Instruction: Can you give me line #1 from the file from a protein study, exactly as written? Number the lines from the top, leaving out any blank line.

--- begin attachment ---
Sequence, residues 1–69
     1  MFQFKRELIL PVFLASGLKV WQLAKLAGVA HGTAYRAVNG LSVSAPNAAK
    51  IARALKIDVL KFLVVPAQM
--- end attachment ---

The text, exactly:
Sequence, residues 1–69